FIG. 17 shows a top section of a composite shield embodiment of the present invention where multiple tubes 210 are enclosed in a fixed or portable frame (not shown) with a rear surface, opaque or a reflector flat, parabolic, ellipsoid, or complex; and an optional front transparent cover 232. The cover 232 may be on colored or elliptically polarized material to increase the contrast and reduce the reflection of ambient light.
Another preferred embodiment of the present invention discloses a game method designed to enhance hand-eye coordination and provide entertainment. Generally, the embodiment measures the periodicity and frequency of the players wand motion while providing visual feedback.
FIG. 18 shows a two pattern embodiment of a “C” 300 and an “X” 302 whose position is controlled by the image controller 30 based on various game strategies. In one embodiment, when the user operates the wand 10 at the correct frequency for the designated period of time, the “C” will move to superimpose with the “X”. In an alternative embodiment, the level of proficiency is controlled by the computational unit 30 based on the user's history. Multiple colors may be used for each pattern. Many other configurations, styles and games are envisioned.
FIG. 19 shows a limited number of alternative patterns where column 312 combines with row 314 to produce a letter T 316. Pattern 318 in red, for example and pattern 320 in green produce a red and yellow T using the color persistence of human vision. This effect may be used to produce some complex images including moving objects in space. For example,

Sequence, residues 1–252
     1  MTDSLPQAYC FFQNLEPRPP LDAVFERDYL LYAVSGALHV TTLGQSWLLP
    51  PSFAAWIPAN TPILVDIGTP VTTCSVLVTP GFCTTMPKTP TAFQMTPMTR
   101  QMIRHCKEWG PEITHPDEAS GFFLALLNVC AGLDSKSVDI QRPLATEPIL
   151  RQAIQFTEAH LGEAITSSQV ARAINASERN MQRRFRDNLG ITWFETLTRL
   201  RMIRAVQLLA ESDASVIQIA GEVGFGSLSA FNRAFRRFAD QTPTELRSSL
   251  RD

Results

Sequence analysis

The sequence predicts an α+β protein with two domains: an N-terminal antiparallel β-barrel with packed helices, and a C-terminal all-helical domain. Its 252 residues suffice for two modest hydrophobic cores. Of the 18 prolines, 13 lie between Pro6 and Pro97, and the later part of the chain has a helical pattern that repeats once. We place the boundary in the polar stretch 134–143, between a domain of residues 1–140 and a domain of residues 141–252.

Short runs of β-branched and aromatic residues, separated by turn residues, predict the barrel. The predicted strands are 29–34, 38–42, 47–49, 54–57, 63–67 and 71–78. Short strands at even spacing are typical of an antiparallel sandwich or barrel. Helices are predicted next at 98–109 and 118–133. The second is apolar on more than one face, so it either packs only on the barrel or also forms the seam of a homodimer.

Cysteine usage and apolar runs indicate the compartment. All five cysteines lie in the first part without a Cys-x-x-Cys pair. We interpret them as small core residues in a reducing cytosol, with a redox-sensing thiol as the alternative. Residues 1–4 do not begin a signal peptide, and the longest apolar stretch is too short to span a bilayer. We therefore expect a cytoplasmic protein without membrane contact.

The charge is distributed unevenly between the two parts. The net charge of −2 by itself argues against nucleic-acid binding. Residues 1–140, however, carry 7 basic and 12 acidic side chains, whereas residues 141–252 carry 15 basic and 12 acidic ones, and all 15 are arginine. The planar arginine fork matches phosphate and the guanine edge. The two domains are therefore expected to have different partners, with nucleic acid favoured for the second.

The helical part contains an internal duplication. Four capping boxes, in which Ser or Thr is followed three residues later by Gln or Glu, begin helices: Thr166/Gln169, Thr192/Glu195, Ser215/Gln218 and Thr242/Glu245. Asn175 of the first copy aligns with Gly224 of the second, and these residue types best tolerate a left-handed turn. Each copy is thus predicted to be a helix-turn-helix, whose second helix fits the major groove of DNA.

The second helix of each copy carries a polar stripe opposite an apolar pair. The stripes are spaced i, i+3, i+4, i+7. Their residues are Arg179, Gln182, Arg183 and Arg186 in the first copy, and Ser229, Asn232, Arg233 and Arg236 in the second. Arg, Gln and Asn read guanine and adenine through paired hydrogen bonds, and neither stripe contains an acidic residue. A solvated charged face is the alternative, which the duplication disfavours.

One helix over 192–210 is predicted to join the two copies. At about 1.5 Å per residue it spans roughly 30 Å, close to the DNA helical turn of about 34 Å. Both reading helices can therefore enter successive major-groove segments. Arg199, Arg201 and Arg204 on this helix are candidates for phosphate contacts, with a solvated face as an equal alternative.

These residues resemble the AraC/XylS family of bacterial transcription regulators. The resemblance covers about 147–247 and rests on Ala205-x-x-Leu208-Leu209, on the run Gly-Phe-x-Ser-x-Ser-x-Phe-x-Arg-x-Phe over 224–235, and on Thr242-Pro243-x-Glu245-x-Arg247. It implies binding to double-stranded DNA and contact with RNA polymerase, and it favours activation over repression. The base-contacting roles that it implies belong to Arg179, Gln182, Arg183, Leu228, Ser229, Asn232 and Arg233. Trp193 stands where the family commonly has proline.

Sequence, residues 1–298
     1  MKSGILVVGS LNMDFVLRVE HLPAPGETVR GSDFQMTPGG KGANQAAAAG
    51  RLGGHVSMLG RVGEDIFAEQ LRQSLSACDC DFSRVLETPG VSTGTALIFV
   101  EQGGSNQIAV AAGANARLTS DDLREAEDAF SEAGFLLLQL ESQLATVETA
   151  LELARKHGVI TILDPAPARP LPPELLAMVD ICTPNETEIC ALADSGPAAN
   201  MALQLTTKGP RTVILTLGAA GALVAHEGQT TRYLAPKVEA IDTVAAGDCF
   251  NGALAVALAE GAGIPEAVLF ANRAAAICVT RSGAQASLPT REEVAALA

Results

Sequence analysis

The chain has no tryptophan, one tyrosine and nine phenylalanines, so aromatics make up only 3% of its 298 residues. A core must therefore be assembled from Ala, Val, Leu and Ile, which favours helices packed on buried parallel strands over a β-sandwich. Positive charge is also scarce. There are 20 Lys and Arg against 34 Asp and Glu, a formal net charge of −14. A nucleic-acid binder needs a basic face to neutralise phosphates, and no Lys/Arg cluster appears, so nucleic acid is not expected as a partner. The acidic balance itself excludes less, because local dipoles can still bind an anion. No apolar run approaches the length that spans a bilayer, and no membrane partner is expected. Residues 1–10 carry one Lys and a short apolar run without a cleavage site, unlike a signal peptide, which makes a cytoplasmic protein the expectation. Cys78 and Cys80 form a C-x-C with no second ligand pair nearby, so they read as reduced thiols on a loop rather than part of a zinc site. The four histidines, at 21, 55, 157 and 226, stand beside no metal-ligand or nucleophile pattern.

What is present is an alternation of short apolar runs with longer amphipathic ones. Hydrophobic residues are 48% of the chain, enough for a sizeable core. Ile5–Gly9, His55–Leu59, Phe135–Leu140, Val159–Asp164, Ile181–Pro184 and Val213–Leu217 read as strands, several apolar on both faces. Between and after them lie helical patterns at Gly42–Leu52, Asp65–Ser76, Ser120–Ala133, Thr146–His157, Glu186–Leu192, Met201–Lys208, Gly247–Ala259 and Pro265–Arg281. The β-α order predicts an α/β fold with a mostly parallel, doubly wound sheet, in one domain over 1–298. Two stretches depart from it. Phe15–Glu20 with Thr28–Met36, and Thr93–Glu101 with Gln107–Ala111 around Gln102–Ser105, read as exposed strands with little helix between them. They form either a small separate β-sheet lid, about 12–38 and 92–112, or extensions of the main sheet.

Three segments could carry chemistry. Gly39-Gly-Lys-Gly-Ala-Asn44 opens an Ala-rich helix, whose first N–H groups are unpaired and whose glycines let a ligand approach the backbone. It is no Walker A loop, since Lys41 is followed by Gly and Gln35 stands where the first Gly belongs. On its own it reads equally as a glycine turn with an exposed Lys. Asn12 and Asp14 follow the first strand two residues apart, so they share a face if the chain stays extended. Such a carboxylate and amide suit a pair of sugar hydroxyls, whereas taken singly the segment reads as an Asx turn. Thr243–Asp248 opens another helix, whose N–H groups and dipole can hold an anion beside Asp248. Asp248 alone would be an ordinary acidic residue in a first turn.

1. at least one patterns, displaying twice per cycle, designed to be superimposed
2. a speed & proficiency control setting (a potentiometer, timer incrementor, etc)
3. a superimposed duration memory and setting to indicate success
4. a method (pattern change, independent lights, to indicate success
5. a on/off indicator having one stationary contact and one moving contact.
6. having at least two colors
7. having an animation—pac man type
FIG. 20 shows a two pattern embodiment of a “+” 304 and an “0” 306 whose position is controlled by the image controller 30 based on various game strategies. In one embodiment, when the user operates the wand 10 at the correct frequency for the designated period of time, the “+” will distally move to superimpose with the “0”.
FIG. 21 is referenced under FIG. 10.
FIG. 22 shows a front view of the ticket embodiment of the present invention. On or embedded in each ticket 450 (or wand, coaster, bookmark, ruler, etc.) is a data receiver 50, an computer 30, one or more identifiable light emitters 12, an optional speaker or vibrator element 452, or other optional computer controlled device. The program 454 receives the common signal 456 which may be an infrared carrier frequency or other pattern, and tests its identity code. If the code matches, the ticket 450 follows the transmitted program or instructions. Each ticket 454 may be sold with a existing identity code according to seating, may be programmed live according to the seating position, or may be referenced by a lookup table 462 which associates the ticket identity code 464 to the seat location 466. This improvement permits the show designer to develop unique and specific effects which predictably move through and are coordinated throughout the audience, the venue and the stage.
FIG. 23 shows the alternative detailed constructions of the displaceable wand and handle connection as generally shown in FIG. 1.